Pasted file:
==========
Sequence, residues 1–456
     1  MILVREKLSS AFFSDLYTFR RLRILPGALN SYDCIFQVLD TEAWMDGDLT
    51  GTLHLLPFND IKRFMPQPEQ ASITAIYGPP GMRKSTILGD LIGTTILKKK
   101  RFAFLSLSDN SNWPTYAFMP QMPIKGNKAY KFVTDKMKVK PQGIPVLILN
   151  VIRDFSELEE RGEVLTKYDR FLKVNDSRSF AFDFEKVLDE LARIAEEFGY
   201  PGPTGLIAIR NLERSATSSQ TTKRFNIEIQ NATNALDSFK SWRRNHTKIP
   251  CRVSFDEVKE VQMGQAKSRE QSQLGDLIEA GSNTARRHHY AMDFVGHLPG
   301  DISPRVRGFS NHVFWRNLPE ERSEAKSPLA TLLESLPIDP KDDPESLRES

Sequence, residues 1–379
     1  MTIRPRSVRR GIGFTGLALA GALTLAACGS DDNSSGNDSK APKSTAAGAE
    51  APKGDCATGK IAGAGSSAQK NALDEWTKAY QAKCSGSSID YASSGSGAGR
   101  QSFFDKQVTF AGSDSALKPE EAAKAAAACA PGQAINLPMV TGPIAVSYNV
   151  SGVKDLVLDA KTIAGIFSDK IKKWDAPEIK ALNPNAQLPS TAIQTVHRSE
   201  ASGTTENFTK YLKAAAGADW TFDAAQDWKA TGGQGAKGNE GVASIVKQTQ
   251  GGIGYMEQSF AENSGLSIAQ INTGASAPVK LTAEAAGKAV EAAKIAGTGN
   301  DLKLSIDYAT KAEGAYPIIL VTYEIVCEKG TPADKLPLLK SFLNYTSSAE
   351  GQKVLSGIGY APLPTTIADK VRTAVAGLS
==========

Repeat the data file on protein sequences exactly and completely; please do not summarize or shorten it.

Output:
Sequence, residues 1–456
     1  MILVREKLSS AFFSDLYTFR RLRILPGALN SYDCIFQVLD TEAWMDGDLT
    51  GTLHLLPFND IKRFMPQPEQ ASITAIYGPP GMRKSTILGD LIGTTILKKK
   101  RFAFLSLSDN SNWPTYAFMP QMPIKGNKAY KFVTDKMKVK PQGIPVLILN
   151  VIRDFSELEE RGEVLTKYDR FLKVNDSRSF AFDFEKVLDE LARIAEEFGY
   201  PGPTGLIAIR NLERSATSSQ TTKRFNIEIQ NATNALDSFK SWRRNHTKIP
   251  CRVSFDEVKE VQMGQAKSRE QSQLGDLIEA GSNTARRHHY AMDFVGHLPG
   301  DISPRVRGFS NHVFWRNLPE ERSEAKSPLA TLLESLPIDP KDDPESLRES

Sequence, residues 1–379
     1  MTIRPRSVRR GIGFTGLALA GALTLAACGS DDNSSGNDSK APKSTAAGAE
    51  APKGDCATGK IAGAGSSAQK NALDEWTKAY QAKCSGSSID YASSGSGAGR
   101  QSFFDKQVTF AGSDSALKPE EAAKAAAACA PGQAINLPMV TGPIAVSYNV
   151  SGVKDLVLDA KTIAGIFSDK IKKWDAPEIK ALNPNAQLPS TAIQTVHRSE
   201  ASGTTENFTK YLKAAAGADW TFDAAQDWKA TGGQGAKGNE GVASIVKQTQ
   251  GGIGYMEQSF AENSGLSIAQ INTGASAPVK LTAEAAGKAV EAAKIAGTGN
   301  DLKLSIDYAT KAEGAYPIIL VTYEIVCEKG TPADKLPLLK SFLNYTSSAE
   351  GQKVLSGIGY APLPTTIADK VRTAVAGLS